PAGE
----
Farming and Farm Income
American agriculture and rural life underwent a tremendous transformation in the 20th century. Early 20th century agriculture was labor intensive, and it took place on many small, diversified farms in rural areas where more than half the U.S. population lived. Agricultural production in the 21st century, on the other hand, is concentrated on a small number of large, specialized farms in rural areas where less than a fourth of the U.S. population lives. The following material provides an overview of these trends, as well as trends in farm sector and farm household incomes.
After peaking at 6.8 million farms in 1935, the number of U.S. farms fell sharply until leveling off in the early 1970s. Falling farm numbers during this period reflected growing productivity in agriculture and increased nonfarm employment opportunities. Because the amount of farmland did not decrease as much as the number of farms, the remaining farms have more acreage, on average—about 440 acres in 2016 versus 155 acres in 1935. About 2.06 million farms are currently in operation.
Technological developments in agriculture have been influential in driving changes in the farm sector. Innovations in animal and crop genetics, chemicals, equipment, and farm organization have enabled continuing output growth without adding much to inputs. As a result, even as the amount of land and labor used in farming declined, total farm output more than doubled between 1948 and 2015.
Gross cash farm income (GCFI) includes income from cash receipts, farm-related income, and government farm program payments. GCFI is forecast at $409 billion (inflation-adjusted 2017 dollars) in 2017, versus $314 billion in 2000, with the increase largely due to higher cash receipts. After declining in 2015 and 2016, GCFI is forecast to increase in 2017 due largely to a forecast increase in animal/animal product cash receipts.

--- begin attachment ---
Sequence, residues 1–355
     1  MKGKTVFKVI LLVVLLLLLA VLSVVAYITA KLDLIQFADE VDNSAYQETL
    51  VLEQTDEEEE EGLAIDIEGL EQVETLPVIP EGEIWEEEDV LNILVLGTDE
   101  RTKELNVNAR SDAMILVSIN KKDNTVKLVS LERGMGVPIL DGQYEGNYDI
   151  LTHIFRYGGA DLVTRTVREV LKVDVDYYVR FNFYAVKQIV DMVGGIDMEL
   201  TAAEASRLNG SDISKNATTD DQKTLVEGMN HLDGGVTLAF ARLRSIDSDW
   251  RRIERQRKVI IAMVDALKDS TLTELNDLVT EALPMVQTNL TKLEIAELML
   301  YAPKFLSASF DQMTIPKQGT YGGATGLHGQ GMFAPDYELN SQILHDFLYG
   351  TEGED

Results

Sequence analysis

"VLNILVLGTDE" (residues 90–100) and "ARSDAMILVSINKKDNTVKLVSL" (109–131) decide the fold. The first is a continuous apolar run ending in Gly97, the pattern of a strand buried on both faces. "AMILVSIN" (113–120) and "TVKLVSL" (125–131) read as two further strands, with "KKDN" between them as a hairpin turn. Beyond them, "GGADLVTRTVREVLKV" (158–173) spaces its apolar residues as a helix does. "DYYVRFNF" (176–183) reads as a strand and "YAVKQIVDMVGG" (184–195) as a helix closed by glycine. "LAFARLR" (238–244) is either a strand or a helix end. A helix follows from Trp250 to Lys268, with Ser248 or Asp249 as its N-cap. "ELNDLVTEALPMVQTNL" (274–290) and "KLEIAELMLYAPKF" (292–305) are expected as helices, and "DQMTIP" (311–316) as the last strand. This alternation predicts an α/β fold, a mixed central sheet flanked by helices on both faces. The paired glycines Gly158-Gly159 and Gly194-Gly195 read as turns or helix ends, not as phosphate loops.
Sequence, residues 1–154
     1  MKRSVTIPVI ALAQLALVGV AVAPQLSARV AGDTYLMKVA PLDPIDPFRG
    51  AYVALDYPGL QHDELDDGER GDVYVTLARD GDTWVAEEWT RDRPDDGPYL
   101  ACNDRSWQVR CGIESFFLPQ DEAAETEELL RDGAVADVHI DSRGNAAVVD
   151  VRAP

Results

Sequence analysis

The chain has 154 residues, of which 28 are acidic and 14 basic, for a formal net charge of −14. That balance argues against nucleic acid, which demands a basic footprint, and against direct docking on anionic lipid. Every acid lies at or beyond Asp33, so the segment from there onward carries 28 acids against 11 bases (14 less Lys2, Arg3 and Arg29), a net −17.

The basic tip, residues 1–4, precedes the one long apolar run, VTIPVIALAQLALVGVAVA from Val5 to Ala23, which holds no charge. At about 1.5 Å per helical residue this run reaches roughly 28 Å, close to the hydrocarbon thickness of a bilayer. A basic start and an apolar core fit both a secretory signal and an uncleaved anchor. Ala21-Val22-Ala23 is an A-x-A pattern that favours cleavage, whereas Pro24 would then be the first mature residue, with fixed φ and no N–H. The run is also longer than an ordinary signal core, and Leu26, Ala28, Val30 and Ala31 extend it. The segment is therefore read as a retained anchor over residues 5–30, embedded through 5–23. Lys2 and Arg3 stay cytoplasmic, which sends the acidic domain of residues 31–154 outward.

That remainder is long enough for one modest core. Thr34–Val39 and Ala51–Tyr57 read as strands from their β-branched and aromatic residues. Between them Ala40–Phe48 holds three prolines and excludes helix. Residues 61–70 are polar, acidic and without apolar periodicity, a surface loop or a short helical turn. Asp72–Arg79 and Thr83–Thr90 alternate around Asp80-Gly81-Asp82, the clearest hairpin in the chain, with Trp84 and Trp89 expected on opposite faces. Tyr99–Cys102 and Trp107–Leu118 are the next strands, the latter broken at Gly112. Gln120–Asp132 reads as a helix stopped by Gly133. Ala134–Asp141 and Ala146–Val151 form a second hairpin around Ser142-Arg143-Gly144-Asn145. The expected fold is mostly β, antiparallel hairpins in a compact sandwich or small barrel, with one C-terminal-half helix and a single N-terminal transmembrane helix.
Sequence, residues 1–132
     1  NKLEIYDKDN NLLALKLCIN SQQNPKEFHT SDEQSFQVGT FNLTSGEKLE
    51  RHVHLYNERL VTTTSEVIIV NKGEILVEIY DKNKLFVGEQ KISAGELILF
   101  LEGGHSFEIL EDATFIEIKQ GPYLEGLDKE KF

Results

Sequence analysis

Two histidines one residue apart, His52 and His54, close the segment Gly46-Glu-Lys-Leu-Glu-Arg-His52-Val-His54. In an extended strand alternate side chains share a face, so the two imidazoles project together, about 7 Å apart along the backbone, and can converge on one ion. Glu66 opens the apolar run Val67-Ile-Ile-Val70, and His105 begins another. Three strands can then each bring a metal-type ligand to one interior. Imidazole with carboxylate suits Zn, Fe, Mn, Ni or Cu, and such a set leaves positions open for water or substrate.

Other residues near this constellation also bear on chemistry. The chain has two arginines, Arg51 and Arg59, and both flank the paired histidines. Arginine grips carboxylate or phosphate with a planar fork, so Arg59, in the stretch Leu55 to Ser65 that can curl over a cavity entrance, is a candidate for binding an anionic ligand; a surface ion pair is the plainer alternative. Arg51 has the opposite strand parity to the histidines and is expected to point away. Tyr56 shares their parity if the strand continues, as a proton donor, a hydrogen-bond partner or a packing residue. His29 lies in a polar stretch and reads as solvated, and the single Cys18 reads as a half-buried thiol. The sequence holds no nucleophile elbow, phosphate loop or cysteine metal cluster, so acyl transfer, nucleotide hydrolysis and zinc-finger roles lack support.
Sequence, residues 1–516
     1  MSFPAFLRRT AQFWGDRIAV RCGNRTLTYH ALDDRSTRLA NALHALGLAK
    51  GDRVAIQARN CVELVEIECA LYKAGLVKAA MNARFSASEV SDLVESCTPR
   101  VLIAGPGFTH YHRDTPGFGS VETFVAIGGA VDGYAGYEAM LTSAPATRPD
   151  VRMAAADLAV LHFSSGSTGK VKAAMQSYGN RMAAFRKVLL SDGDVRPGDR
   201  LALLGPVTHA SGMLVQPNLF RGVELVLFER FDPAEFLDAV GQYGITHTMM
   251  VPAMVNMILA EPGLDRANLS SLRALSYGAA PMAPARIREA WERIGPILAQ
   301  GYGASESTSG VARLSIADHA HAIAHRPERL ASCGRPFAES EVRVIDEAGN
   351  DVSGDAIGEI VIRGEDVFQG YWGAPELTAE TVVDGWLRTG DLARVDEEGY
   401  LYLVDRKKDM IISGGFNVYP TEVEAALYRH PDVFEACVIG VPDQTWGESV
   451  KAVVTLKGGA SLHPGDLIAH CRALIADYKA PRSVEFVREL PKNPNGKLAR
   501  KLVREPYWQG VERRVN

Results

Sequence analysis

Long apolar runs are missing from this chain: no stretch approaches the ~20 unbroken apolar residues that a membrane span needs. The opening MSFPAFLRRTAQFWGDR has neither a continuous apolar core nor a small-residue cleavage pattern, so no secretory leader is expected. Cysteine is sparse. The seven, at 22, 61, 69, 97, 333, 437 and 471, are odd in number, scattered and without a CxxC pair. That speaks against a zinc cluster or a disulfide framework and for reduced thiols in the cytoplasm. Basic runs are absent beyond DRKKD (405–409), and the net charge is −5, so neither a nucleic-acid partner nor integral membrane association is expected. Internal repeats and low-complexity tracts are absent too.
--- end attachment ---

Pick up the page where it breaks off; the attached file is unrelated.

Gross farm income reflects the total value of agricultural output. Net farm income (NFI)—which reflects income from production in the current year—is calculated by subtracting farm expenses from gross farm income. NFI considers both cash and noncash income and expenses. Inflation-adjusted net farm income is forecast up 1.5 percent after declining in 2014 through 2016, as gross farm income is forecast near its 2016 value and production expenses are forecast to decline in inflation-adjusted terms.
Gross cash farm income (GCFI) includes income from commodity cash receipts, farm-related income, and government payments. Family farms (where the majority of the business is owned by the operator and individuals related to the operator) of various types together accounted for nearly 99 percent of U.S. farms. Small family farms (less than $350,000 in GCFI) account for 90 percent of all U.S. farms. Large-scale family farms ($1 million or more in GCFI) account for about 3 percent of farms but 42 percent of the value of production. This chart was revised March 7, 2017, see errata for details.
Median total household income among all farm households ($76,735) exceeded the median for all U.S. households ($56,516) in 2015. Slightly less than half of U.S. farms are very small, with annual gross cash farm income under $10,000; the households operating these farms typically rely on off-farm sources for the majority of their household income. Median household income and income from farming increase with farm size; the typical household operating the largest commercial farms earned $361,057 in 2015, and most of that came from farming.